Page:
Next week, the sun-bathing City of Angels is set to host the annual conference on computer graphics wizardry, SIGGRAPH. The organizers of SIGGRAPH 2017 (Los Angeles, California, July 30 – Aug 3) promise “five days of research results, demos, educational sessions, art, screenings, and hands-on interactivity.” The last item — the hands-on interactivity — is bound to include some jaw-dropping AR-VR (augmented reality, virtual reality) setups.
The technology spawned in the entertainment sector, as a way to let gamers experience prehistoric landscapes teeming with dinosaurs or drive a tank and wreck harmless havoc in pixels, is growing up. It’s now mature enough to claim its rightful place in the professional market. Many are pivoting their offerings to the manufacturing, engineering, and design industries. Some are working hard to convince you that teleporting yourself into a virtual conference room with your boss, colleagues, or client is just as easy as speaking to them via WebEx or GoToMeeting.
VR for Sales and Design
WorldViz, which has been in the VR market since 2002, is getting ready to unpack its product, formerly known as Project Skofield but now branded Vizible. The company is explicitly marketing it as a”VR solution for sales,” but points out in its press release “[Vizible] can also be used for remote collaboration, design review with distributed teams, and product training.”
WexEx, GoToMeeting, and other web-based conferencing tools become the norm because of ease of use and low barrier to entry. It’s free to use for most participants; you do not need any expertise beyond the skill to launch and use a web browser. At the present, even the easiest of the AR-VR applications require a good understanding of 3D formats and some hardware-configuration skills to deploy. This remains a significant hurdle to widespread AR-VR adoption.
“Little to no technical expertise is necessary to create and experience VR content using Vizible,” said WorldViz. “The solution’s Presentation Designer software allows sales professionals to quickly put together a VR presentation by dragging and dropping elements into the WYSIWYG editor. The Presentation Designer also allows the presenter to bring the presentation to life by adding animations, triggers, and user interaction. In addition to 3D content, traditional 2D content such as PDF training manuals or PowerPoint slides can be inserted to support the overall meeting.”
If a globally dispersed team chooses to work in AR-VR, the assets — the 3D files of the products, structures, and environments they want to analyze together — would have to be hosted on a server accessible to all team members. Vizible, for example, allows you to upload the shared assets to the cloud for collaboration sessions. With industries like automotive, aerospace, and heavy machinery, the size of the assets and the IP sensitivity could become an issue in AR-VR deployment via public cloud.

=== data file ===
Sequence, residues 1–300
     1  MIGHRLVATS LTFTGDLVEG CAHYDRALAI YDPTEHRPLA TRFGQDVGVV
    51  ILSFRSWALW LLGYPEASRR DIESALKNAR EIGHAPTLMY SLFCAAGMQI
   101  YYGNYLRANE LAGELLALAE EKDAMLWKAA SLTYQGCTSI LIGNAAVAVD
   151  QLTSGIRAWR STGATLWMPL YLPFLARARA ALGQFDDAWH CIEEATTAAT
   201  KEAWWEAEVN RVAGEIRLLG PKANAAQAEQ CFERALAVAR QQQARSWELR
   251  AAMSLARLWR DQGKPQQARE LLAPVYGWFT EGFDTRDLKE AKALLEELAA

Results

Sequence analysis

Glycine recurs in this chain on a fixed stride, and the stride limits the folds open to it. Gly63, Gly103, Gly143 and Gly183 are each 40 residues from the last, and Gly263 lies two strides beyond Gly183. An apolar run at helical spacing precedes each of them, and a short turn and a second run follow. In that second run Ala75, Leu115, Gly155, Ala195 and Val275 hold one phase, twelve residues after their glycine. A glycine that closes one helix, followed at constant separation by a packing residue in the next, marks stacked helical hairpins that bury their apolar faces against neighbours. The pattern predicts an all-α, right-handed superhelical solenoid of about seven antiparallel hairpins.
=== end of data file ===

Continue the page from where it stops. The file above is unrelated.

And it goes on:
Made for Machine Learning and Large Data Sets
NVIDIA, whose GPUs drive much of the visualization market, is heading to SIGGRAPH. Publishing a blog post before the show, the company wrote, “Predicting what the finished design of a product will look like is a challenge manufacturers, industrial designers and creative pros face every day … Bombardier — one of the world’s top aerospace and transportation companies — provides a great example of how to do this right, by incorporating VR into its design process.”
In the recent years, NVIDIA has also been advocating the use of GPUs in compute-intensive AI development projects. With far more processing cores than a typical CPU, the GPU could be an effective coprocessor to digest the large a mount of sample data used in deep learning and machine learning, the company often pointed out.
“Dublin-based startup Artomatix is a leading example of this trend. Its AI-based approach to texture generation and style transfer helps automate many of the mundane, tedious and repetitive tasks artists and designers face,” wrote NVIDIA. ” Artomatix is set to demonstrate its Aging of 3D Worlds platform in NVIDIA’s booth. Artomatix’s deep learning technology runs on NVIDIA CUDA and NVIDIA GPUs.
Long-time NVIDIA partner Dassault Systemes is also setting up shop inside the NVIDIA booth. The company plans to show “a proof of concept of how, while running dual Quadro P6000 [GPUs], engineers can natively edit massive geometry. In this case, a design for an experimental Stellarator fusion reactor, the largest in the world, developed by the Max Planck Institute in Dassault’s CATIA computer-aided design platform.”
Installed VR-AR Experiences to Try
Last year, AR developer Meta‘s demonstration was part of SIGGRAPH’s highlights. The company is now preparing to launch a new version of its VR developer kit, dubbed Meta 2. This year, Meta 2 will be part of the Emerging Technologies Installations at SIGGRAPH 2017. You can use Meta 2 to “Touch Holograms in Midair,” as suggested by the name of one installation. “The current solutions from Microsoft, Daqri, or Meta enable users to place virtual elements in a static location beside real objects,” according to the organizers. “This demonstration adds a method for touching the objects, based on a touch development kit from Ultrahaptics, the only mid-air tactile feedback technology.”
Most AR-VR setups let you interact with digital objects via joysticks, mouse, and special batons. Therefore, the way you interact with the elements inside a digital vehicle, for example, is vastly different from how you would normally interact with the steering wheels, gear shafts, and dashboards in real life. Integrating tactile sensation adds another layer of realism to the experience. It can be crucial in virtual training applications where developing muscle memories and making subtle adjustments based on physical feedback is important.